There is also the threat of insect infestation, which rises as winter temperatures do. The spruce bark beetle infestation is a prime example of warm-winter effects, and the invasion of amber-marked birch leaf miners may also be tied to warmer-than-normal weather, Juday said. "Any number of times in the past, people have said, 'Well, it will get this far, and then it's just too cold,' " he said, but now the amber leaf miner invasion, which started in eastern Canada, has reached Fairbanks and Interior Alaska.

Keep an eye out for the spruce budworm, he warns. The budworm has infested Alaska trees in the past, and in recent years has taken a big toll on forests in Canada, reaching as far as the Northwest Territories.

Altogether, heat, lack of moisture and insects can combine to make life difficult for trees, Juday said.

"As persistent stress accumulates, they're less resilient and they succumb more easily to lower levels of attack," he said. "That becomes kind of a positive feedback."

What about mosquitoes, sometimes called Alaska's unofficial state bird?

There is no such thing as an official mosquito forecast, so don't bother trying to get one, said Derek Sikes, curator of insects at the University of Alaska Museum.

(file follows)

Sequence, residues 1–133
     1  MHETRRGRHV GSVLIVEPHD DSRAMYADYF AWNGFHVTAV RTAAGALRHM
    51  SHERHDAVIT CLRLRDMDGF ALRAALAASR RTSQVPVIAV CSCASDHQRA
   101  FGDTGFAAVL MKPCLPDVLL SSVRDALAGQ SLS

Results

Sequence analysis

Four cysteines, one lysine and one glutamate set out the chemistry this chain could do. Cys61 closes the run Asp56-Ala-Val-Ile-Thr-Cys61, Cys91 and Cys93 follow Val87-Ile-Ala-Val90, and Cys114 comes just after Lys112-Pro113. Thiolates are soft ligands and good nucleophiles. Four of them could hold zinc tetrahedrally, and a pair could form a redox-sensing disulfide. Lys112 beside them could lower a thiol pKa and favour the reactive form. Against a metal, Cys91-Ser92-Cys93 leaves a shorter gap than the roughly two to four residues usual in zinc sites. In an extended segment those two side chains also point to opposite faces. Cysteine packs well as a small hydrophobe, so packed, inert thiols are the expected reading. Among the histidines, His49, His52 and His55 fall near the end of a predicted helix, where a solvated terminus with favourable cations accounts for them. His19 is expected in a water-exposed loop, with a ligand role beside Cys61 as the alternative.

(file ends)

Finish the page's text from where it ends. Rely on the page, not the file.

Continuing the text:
There is no Alaska mosquito census or population estimate, Sikes said. "You can always say that in Alaska there's a lot of mosquitoes, so it's always a bad year. But some years are worse," he said.

Whether this will be one of those worse years depends on spring weather, "so if you can forecast the weather with great precision, you can attempt to forecast mosquitoes," Sikes said. The biting insects are aquatic, so a wet spring with lots of puddles will mean more growth and a dry spring would mean fewer, he said.

A dry spring, however, could boost populations of another annoying insect, the yellow jacket.

"They are kind of the opposite of mosquitoes," he said. "They like it dry rather than wet."

For insects in general, a low snowpack coupled with bitter winter cold would be expected to hurt populations because they use snow as an insulator, Sikes said. But low snow and mild winter temperatures, as has been the situation in Southcentral Alaska, would probably leave insects unscathed, and perhaps would be good for them, he said.